My parents lived in Pittsburgh shortly before I was born, so I was raised on occasionally told tales of its preponderance of bridges, windy streets, and magic intersections containing one way streets that only go away from it. Honestly, we’ve only done a little bit of driving, and (probably thanks to google maps) it’s been fidgety, but not quite the nightmare of missed turns and wild reroutes I was told it would be. Will had the worst of it; the only thing I really had to do that didn’t go well was parallel parking, or to be precise, parallel parking with other people watching. I used to be able to do it, I swear! The problem is, when you don’t live in a city, you never practice these things, and then you completely forget how to do them. And maybe it’s just me, but anything that I have any kind of trouble with is always several hundred times worse when someone’s watching.

But enough about the downsides: bridges may be a pain to navigate, but boy are they beautiful. We came into the city out of the Fort Pitt Tunnel, and saw this cinematic concoction of bridges, rivers, streets, and overpasses. If it hadn’t clearly been built in the past century, it would look futuristic.

Helen, my friend whom we’re staying with, basically lives at the bottom of a ravine, so they have to walk up 100 steps to get to a major street. It’s pretty cool: there’s a park down here, so it’s very green, and trains pass through a few times a day. I know it’s probably because I haven’t dealt with the realities of them, but I have fascination with hilly cities. I just dig something about all those stairs and different levels. I’m sure if I actually end up living somewhere like that, it will become much more annoying than romantic, but walking up a bunch of stairs a few times in one week has yet to dampen my enthusiasm.


Packing and the End of the Semester in College Towns

The real reason I’m back in Oberlin (perhaps against my better judgement) is to see one of my close friends, Becca, graduate. Unfortunately, since I’ve gotten here, I’ve realized that such a magnanimous gesture of support is actually kind of a lot to deal with for someone who just finished their final finals (woo!) and then has to immediately pack up their apartment and vacate it in less than a week. I was in this position last year, but none of my relatives were, you know, literally sleeping on my floor, so I had some more time with it.

An indispensable aspect of packing is the getting rid of objects one isn’t taking on one’s move. My favorite aspect of helping other people pack is that sometimes, they give you those objects. Becca in particular has been very generous with clothes that don’t fit her that well anymore (thanks, Becca!!!), and now I have like 3 new shirts, yay!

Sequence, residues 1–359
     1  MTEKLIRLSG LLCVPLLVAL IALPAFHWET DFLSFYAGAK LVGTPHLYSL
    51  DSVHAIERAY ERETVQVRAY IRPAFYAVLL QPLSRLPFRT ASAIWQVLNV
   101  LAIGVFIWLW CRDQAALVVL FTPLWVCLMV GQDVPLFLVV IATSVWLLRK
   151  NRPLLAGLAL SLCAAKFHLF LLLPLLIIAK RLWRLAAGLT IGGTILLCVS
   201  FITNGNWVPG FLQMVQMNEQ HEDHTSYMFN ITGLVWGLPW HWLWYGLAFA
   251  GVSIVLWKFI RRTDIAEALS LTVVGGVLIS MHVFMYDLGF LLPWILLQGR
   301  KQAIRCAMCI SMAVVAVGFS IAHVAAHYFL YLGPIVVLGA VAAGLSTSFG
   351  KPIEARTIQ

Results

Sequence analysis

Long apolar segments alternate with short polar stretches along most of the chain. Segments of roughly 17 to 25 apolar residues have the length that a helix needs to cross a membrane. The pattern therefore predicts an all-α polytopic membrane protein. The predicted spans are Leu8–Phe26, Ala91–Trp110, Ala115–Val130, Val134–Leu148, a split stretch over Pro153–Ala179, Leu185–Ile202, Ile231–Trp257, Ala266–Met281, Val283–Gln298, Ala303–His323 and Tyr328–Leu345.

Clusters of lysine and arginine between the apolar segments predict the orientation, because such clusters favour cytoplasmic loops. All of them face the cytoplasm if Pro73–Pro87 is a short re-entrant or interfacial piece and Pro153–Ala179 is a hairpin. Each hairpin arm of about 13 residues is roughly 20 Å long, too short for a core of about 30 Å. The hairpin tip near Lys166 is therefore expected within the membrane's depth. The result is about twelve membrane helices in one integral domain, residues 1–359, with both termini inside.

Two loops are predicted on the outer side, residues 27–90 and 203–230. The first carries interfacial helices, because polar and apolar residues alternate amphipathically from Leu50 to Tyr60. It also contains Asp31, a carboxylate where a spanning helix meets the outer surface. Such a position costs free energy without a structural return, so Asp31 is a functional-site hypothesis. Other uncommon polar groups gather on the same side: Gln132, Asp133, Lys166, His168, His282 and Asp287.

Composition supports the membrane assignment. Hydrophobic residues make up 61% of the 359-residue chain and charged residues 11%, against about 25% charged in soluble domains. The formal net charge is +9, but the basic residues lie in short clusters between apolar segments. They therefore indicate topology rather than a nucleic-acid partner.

It’s possible I’m unreasonably drawn to free stuff: it’s great when a friend is getting rid of cool clothes, but I’ve also been known to accept things I definitely wouldn’t wear otherwise (I’m looking at you, bright purple Victoria’s Secret PINK sweatpants from Avery!), or that have some other problem. This tendency is particularly put to the test in May, when college towns are full of free crap, piled up everywhere. Having grown up in a small college town not dissimilar to Oberlin, there were many time when young me begged to bring home sagging couches and dented ikea tables.

Of course, given my thorough understanding of this aspect of packing, one might think that I would, you know, actually get rid of a reasonable amount of my own stuff. One would be wrong. I’ve accepted that once something has actually ceased to function for me, it has to go, but things that are merely unused, it is completely reasonable to hang on to forever and ever. Part of the problem is the fact that my parents haven’t moved for most of my conscious life, so I’ve always had passive storage space for all this stuff. Yes, I’ve moved myself, but I’ve only brought the stuff I really used with me, and hung on to the rest of it anyway. My parents have been hoping I’d clean up my bedroom at home enough that they could, you know, actually use it for a few years now (sorry, Mom and Dad!). I have this fantasy that when Will and I move into an actual apartment, I’ll have enough space in there to really sort through things, but I’m not going to make promises I’m not sure I can keep.